- The Washington Times - Monday, April 13, 2009

NEW YORK (AP) - Several bank shares bucked the broader market Monday and plowed higher as investors placed bets on which ones might report better-than-expected earnings in the coming weeks. After markets closed, Goldman Sachs Group Inc. said it earned $1.66 billion in the first three months of the year, beating Wall Street’s expectations.

The KBW Bank Index, which tracks 24 of the nation’s largest banks, rose 7.9 percent. Citigroup Inc. and Bank of America Corp. shares led the gains among large lenders, rising 25 percent and 15 percent respectively.

Analysts said much of the buying was fueled by investors trying to determine which other banks could be the next Wells Fargo & Co., which wowed the market on Thursday when it said it expects to report a record quarterly profit for the first quarter.

The surprise announcement buoyed bank stocks and helped send the overall market sharply higher ahead of a long weekend. Markets were closed for Good Friday.

On Monday, Goldman Sachs kicked off the banks’ earnings reports, releasing its results a day earlier than expected. Its $3.39-per-share profit strongly beat analysts’ estimates of $1.64 a share. The bank also said it planned a $5 billion stock offering. In after-hours trading Goldman shares slipped 1.7 percent.

“People are looking for the biggest opportunity out there,” said Keith Springer, president of Capital Financial Advisory Services, a Sacramento, Calif.-based wealth manager. “(Traders) are looking for the next shock. Who is going to shock again and surprise us with a great number?”

Analysts also attributed some of the buying to “short covering,” or the buying of stocks to cover misplaced bets that banks would fall when they post results this week. Short covering has played a large role in the surge in bank stocks over the past few weeks.

Citigroup shares were also boosted by a report that the bank is considering selling its Japanese banking units. Japanese news service Kyodo News said Monday that Citi is considering a sale of Nikko Citigroup Ltd. along with brokerage Nikko Cordial Securities and Nikko Asset Management.

In January, Citigroup reorganized itself into two entities, Citicorp and Citi Holdings. The first is focused on traditional banking around the world, and includes Nikko Citigroup. The second holds the company’s riskier assets and tougher-to-manage non-core ventures, including Nikko Cordial. It has been speculated that Citigroup would shed Nikko Cordial as part of its restructuring, but this is the first the Japanese retail bank has been mentioned.

Citigroup spokesman Mike Hanretta declined to comment on the report.

Citi shares rose 76 cents, or 25 percent, to close at $3.80. Bank of America rose $1.47, or 15.4 percent, to $11.02.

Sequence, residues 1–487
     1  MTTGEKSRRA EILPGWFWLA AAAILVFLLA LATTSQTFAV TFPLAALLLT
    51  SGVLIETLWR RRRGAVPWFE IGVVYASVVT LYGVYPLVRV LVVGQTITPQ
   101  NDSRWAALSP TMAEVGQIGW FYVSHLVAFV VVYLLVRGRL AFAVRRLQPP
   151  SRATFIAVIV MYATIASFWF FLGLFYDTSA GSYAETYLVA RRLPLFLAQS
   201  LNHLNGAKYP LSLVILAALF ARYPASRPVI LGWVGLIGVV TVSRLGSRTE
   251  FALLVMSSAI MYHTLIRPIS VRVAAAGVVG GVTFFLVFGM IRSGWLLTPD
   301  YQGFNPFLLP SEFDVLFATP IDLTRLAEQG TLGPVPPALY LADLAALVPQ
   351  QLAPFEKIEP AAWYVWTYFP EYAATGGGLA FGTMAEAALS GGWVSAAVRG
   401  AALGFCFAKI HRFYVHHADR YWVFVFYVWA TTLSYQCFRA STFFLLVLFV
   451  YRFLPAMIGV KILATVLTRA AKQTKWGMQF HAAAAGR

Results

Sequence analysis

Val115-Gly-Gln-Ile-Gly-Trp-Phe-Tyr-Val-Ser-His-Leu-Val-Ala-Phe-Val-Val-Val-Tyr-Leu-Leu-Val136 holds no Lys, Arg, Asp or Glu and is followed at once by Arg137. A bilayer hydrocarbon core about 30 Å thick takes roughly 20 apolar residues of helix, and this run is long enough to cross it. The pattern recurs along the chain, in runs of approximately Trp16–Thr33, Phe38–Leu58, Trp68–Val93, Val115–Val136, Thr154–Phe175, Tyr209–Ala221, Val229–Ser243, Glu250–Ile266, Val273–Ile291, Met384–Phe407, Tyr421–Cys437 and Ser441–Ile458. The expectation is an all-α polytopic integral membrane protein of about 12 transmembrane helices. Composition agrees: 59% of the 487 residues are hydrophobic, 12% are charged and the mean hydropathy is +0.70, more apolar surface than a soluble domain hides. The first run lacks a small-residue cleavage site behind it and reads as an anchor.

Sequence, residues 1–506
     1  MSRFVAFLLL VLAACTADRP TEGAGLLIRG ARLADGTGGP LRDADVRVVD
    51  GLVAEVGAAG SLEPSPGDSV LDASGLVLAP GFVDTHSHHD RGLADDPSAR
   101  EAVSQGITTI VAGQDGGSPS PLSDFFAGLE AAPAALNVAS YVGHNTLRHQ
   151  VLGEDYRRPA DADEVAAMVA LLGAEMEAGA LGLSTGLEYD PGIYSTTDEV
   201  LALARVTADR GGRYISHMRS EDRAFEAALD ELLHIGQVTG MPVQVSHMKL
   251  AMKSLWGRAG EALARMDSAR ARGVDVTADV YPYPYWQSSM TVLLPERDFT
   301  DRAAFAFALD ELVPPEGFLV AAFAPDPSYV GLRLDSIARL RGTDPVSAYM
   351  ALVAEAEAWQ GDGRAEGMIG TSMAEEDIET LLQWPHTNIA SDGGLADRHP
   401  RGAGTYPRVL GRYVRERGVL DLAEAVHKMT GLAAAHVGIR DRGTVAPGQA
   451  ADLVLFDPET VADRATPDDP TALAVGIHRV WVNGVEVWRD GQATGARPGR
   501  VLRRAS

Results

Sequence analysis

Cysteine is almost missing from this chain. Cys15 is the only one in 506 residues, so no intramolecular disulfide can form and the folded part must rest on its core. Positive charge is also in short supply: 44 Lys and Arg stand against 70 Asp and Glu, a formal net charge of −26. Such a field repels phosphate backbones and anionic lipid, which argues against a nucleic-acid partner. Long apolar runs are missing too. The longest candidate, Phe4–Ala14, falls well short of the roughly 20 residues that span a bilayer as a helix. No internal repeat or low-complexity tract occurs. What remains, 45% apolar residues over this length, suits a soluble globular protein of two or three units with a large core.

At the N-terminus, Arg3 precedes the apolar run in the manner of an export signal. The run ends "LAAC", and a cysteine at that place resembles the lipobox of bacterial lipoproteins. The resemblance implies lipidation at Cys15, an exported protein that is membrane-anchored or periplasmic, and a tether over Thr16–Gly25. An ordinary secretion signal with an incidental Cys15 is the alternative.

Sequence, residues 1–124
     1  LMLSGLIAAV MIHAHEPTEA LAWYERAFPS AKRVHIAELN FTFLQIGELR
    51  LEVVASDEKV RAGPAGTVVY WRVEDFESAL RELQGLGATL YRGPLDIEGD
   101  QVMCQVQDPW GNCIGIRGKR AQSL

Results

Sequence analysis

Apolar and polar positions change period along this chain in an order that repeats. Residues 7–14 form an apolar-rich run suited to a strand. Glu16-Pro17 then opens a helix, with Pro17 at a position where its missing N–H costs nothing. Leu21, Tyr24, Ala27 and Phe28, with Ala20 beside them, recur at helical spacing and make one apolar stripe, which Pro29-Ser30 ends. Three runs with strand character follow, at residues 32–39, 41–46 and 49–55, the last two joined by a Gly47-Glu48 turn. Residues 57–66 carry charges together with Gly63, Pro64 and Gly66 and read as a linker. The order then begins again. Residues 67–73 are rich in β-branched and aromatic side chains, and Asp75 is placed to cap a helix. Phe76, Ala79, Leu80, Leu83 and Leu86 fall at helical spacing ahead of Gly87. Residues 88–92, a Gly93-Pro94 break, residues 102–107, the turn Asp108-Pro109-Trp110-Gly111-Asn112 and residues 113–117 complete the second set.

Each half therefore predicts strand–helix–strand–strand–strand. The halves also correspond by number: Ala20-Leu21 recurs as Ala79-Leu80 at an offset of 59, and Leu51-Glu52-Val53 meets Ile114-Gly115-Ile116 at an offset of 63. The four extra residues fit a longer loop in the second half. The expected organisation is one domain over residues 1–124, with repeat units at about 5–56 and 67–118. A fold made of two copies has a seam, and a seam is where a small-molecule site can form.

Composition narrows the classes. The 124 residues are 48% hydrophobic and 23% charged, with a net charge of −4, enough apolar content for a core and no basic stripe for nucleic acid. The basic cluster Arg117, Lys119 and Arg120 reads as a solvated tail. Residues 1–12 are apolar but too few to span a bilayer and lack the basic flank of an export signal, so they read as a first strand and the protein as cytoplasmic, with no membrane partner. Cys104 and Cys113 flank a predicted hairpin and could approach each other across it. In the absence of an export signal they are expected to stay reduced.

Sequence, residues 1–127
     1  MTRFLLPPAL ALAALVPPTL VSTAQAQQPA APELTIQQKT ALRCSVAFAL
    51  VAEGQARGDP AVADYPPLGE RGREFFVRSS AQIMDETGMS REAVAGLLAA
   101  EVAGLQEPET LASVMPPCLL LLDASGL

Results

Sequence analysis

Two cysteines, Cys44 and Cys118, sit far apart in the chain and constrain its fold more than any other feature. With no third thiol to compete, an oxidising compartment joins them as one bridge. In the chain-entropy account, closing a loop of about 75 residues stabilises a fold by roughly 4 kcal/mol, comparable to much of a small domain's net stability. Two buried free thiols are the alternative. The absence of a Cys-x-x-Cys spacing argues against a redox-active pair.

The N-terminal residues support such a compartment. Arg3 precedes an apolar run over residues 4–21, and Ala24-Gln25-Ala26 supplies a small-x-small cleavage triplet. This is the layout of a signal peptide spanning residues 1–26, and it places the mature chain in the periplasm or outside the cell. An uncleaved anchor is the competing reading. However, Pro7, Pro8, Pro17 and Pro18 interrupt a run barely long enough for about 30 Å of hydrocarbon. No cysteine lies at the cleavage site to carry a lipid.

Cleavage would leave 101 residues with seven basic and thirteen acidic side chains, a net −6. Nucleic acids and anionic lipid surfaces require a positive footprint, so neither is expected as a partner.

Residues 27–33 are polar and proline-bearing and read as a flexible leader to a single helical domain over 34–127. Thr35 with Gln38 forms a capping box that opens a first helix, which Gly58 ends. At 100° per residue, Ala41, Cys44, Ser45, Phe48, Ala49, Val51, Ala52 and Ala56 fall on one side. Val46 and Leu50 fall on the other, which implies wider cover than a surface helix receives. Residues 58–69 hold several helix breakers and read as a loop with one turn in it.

Investors are extremely anxious ahead of banks’ first-quarter earnings reports, hoping for signs of improvement during the quarter. Reports from Citigroup and JPMorgan Chase & Co. plan to report this week.

Over the past month, bank stocks have led the market higher, helping the major indexes stage their biggest four-week rally in more than 75 years. The surge was driven in part by encouraging announcements from several big bank CEOs that they were having a better quarter than most expected _ which helped fuel hopes for an economic recovery. Many hinge the end of the recession on the restoration of the nation’s banking system.

But a handful of pessimistic forecasts about potential loan losses began to surface, jolting investors’ newfound confidence. Wells Fargo, however, helped to solidify investors’ hopes that huge spikes in revenue will help offset rising loan losses. Wells Fargo shares edged up 6 cents to $19.67 after surging 32 percent on Thursday.

On Monday, Rochdale Securities analyst Richard Bove started coverage of JPMorgan with a “Buy” rating, noting solid earnings potential. Though loan losses will likely remain elevated through 2011, the rate of growth of losses should slow, Bove said. At the same time, the bank’s deposits and net interest income are growing at a fast clip.

JPMorgan added 95 cents, or 2.9 percent, to $33.70.

Regional banks also posted big gains on Monday. Huntington Bancshares Inc. soared 71 cents, or 33 percent, to $2.86, while Fifth Third Bancorp rose 76 cents, or 21.2 percent, to $4.34. Regions Financial Corp. added 72 cents, or 16.7 percent, to $5.03, while KeyCorp rose 98 cents, or 11.9 percent, to $9.23.

PNC Financial Services Group Inc. rose $1.82, or 4.7 percent, to $40.30, while U.S. Bancorp rose 37 cents to $18.01.

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